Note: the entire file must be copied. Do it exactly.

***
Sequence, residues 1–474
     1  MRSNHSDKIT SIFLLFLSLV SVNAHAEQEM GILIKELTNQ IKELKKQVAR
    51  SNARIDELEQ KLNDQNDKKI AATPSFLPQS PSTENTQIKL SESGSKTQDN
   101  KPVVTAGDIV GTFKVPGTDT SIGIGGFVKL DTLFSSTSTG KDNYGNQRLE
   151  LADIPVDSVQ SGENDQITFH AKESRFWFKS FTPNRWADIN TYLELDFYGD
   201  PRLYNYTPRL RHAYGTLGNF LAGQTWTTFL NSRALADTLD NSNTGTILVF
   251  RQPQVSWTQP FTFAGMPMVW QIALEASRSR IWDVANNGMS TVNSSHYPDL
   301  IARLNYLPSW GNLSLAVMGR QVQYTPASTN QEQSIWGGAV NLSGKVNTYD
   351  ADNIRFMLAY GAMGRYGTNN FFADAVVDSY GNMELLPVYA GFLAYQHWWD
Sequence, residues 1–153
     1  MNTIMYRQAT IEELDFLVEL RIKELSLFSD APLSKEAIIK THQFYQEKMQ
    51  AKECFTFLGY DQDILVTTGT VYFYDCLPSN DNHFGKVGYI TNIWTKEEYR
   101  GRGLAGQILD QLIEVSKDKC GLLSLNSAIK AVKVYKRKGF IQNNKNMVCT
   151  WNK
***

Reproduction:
Sequence, residues 1–474
     1  MRSNHSDKIT SIFLLFLSLV SVNAHAEQEM GILIKELTNQ IKELKKQVAR
    51  SNARIDELEQ KLNDQNDKKI AATPSFLPQS PSTENTQIKL SESGSKTQDN
   101  KPVVTAGDIV GTFKVPGTDT SIGIGGFVKL DTLFSSTSTG KDNYGNQRLE
   151  LADIPVDSVQ SGENDQITFH AKESRFWFKS FTPNRWADIN TYLELDFYGD
   201  PRLYNYTPRL RHAYGTLGNF LAGQTWTTFL NSRALADTLD NSNTGTILVF
   251  RQPQVSWTQP FTFAGMPMVW QIALEASRSR IWDVANNGMS TVNSSHYPDL
   301  IARLNYLPSW GNLSLAVMGR QVQYTPASTN QEQSIWGGAV NLSGKVNTYD
   351  ADNIRFMLAY GAMGRYGTNN FFADAVVDSY GNMELLPVYA GFLAYQHWWD
Sequence, residues 1–153
     1  MNTIMYRQAT IEELDFLVEL RIKELSLFSD APLSKEAIIK THQFYQEKMQ
    51  AKECFTFLGY DQDILVTTGT VYFYDCLPSN DNHFGKVGYI TNIWTKEEYR
   101  GRGLAGQILD QLIEVSKDKC GLLSLNSAIK AVKVYKRKGF IQNNKNMVCT
   151  WNK